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Unread May 9th, 2005, 09:49 PM
James Pretzer James Pretzer is offline
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Default CT's "Official" Clinical Style

You asked "does CT have an 'official' clinical style?"

I guess it does. If you take a look at items 14-18 of the version of the "Competency Checklist for Cognitive Therapists" in Appendix A of Cognitive Therapy of Depression, you'll see what could be argued to be the "official" stance on the therapeutic relationship in CT. It emphasizes genuineness, warmth, accurate empathy, professionalism, and rapport. Of course, many other approaches to psychotherapy emphasize the same aspects of the therapeutic relationship.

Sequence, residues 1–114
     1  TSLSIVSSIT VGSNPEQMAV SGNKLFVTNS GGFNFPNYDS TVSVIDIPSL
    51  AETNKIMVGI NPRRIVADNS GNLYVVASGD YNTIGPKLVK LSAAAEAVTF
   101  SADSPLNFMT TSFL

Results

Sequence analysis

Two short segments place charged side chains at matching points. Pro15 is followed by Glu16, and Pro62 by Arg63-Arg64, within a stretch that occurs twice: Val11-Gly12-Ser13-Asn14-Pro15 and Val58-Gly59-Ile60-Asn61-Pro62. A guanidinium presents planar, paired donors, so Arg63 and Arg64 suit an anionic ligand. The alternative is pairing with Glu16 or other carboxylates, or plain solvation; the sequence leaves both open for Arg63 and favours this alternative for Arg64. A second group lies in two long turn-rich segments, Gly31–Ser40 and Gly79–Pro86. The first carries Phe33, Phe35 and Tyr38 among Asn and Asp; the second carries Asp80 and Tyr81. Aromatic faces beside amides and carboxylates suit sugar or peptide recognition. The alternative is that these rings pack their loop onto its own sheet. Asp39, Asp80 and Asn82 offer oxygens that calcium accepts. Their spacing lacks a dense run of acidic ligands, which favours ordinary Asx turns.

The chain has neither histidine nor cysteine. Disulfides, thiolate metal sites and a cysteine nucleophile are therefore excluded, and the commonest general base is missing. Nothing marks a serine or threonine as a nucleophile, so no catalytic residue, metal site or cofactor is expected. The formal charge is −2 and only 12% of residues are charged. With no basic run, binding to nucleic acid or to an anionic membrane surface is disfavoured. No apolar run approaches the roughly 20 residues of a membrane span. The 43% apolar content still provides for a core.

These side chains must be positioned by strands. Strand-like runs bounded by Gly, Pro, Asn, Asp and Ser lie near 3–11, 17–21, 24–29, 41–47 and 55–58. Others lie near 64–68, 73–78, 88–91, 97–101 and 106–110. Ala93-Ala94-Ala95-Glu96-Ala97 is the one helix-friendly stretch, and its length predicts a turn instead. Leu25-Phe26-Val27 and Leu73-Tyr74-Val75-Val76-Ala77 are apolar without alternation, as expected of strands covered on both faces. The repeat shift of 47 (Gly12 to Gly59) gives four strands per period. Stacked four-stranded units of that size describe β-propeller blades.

Another aspect of the "official" clinical style which is more specific to CT is what Beck calls "collaborative empiricism." Therapist and client/patient work together toward mutually agreed-upon goals, working together to collect the observations needed to test dysfunctional cognitions and come up with more adaptive alternatives, to find more effective ways to cope with problem situations, and to find adaptive ways to deal with problematic emotions.

Of course we adjust our therapeutic stance in response to the needs and preferences of the client but we don't abandon genuineness, warmth, empathe, professionalism, rapport, or collaborative empiricism in the process.

For other perspecitves on this issue, see my summary of Jesse Wright and Denise Davis' article on this topic (in the archives at http://www.behavior.net/forums/cogni...96/msg121.html) and Ellis's thoughts on the characteristics of effective therapists (in the archives at http://www.behavior.net/forums/cogni...96/msg128.html).
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